DIGITAL TWINNING PROOF OF CONCEPT FOR UTILITY-SCALE SOLAR: BENEFITS, ISSUES, AND ENABLERS
Keywords: Digital Twin, Digital Modelling, Utility-Scale Solar, 3D Reconstruction, Fault Detection, Asset Management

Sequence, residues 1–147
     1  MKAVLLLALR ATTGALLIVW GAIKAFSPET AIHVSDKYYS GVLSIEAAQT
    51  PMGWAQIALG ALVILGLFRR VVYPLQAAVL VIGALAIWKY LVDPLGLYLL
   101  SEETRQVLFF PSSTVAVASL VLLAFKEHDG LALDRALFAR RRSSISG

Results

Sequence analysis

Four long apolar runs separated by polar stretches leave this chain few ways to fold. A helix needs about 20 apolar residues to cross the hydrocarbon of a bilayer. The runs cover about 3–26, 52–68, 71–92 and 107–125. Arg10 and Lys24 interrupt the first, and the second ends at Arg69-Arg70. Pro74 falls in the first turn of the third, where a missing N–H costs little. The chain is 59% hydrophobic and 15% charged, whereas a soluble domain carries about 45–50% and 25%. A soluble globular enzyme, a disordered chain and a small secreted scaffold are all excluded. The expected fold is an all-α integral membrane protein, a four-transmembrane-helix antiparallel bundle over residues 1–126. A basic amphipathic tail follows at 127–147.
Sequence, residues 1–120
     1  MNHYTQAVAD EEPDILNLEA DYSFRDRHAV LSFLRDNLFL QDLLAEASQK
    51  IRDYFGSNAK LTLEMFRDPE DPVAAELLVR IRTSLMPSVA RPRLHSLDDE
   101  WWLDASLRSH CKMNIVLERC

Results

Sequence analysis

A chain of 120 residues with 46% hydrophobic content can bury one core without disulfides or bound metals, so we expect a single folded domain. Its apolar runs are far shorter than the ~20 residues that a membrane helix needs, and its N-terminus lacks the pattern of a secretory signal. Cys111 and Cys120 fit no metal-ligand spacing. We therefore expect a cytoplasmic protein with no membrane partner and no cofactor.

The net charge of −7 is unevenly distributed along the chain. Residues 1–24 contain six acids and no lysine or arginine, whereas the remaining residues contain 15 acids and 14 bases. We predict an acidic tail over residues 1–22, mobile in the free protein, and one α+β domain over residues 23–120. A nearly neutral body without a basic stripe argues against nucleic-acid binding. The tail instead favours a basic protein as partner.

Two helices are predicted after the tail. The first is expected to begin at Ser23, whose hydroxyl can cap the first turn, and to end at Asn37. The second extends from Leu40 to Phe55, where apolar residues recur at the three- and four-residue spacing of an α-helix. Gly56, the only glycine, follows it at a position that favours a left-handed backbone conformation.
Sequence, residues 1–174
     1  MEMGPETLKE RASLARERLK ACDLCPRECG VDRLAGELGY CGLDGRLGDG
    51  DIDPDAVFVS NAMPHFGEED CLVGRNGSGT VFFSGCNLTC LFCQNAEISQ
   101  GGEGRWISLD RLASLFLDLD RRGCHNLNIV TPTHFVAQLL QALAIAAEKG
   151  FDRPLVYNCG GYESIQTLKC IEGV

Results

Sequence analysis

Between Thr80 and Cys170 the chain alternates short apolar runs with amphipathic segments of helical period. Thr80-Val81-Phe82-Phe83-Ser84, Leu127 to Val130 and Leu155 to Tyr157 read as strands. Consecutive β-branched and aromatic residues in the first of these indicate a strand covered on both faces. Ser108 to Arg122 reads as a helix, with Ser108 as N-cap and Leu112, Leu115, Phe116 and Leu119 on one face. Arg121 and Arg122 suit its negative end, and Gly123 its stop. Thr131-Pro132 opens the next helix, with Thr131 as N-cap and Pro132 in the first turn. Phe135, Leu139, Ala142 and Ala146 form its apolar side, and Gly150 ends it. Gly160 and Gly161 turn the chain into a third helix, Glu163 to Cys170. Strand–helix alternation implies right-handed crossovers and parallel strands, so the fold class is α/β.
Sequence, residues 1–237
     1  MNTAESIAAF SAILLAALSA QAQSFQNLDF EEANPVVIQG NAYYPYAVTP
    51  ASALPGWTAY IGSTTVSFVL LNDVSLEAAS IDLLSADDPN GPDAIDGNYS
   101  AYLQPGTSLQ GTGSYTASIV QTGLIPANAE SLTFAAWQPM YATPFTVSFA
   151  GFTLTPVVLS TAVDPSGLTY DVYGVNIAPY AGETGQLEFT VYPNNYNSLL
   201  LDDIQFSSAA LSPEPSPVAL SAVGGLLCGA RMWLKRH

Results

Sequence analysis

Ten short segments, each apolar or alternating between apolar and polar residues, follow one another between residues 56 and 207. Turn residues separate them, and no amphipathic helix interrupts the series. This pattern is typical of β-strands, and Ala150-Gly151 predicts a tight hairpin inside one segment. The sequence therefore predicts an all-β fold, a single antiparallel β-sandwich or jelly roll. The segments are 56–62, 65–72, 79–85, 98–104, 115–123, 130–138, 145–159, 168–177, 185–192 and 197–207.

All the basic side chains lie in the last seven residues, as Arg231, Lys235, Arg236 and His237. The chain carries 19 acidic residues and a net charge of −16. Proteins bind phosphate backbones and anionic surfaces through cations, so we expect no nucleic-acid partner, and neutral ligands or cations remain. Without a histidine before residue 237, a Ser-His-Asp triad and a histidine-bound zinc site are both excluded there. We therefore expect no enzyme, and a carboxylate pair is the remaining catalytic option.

Abstract. A Digital Twin is a virtual representation of a physical asset or system with the purpose of optimizing intelligent behaviour of said physical entity. Digital Twin is a promising tool for asset management as the virtual entity can exist and aid at every stage of a systems life. However, the infancy of the concept means implementation remains at an early stage and particularly poorly defined within an asset management context. Practical case studies of digital twinning (the modelling process of generating and updating Digital Twins) are an important tool to ensure definitions from research are applied rigorously and to aid in their deployment with practitioners in real industrial applications. This-being-said, there are insufficient case studies for asset management digital twinning. In particular, the Digital Twinning process for utility-scale solar has not been considered. Utility-scale solar asset management often suffers challenges due to remoteness and scale of assets, contributing to high labour costs and thus could benefit enormously from an effective Digital Twin to increase precision and accuracy of fault detection and efficiency of labour for O&M tasks. In addition, the data sharing and analysis Digital Twins provide is vital for the immature solar sector. However, Digital Twinning of utility-scale solar has not been well considered and presents issues around cost-effective data collection and modelling. Therefore, this paper details the current state-of-the-art and challenges surveying utility-scale solar and the progress and application of Digital Twin to utility-scale solar. Then a novel proof of concept process for digital twinning of utility-scale solar is presented with a focus on geometric data capture for updating as-is models. Furthermore, the paper will consider Digital Twin requirements and their prescription to current O&M methods in utility-scale solar. Finally, the paper highlights currently available required technology as well as highlighting future technological improvements that would benefit the proposed proof of concept.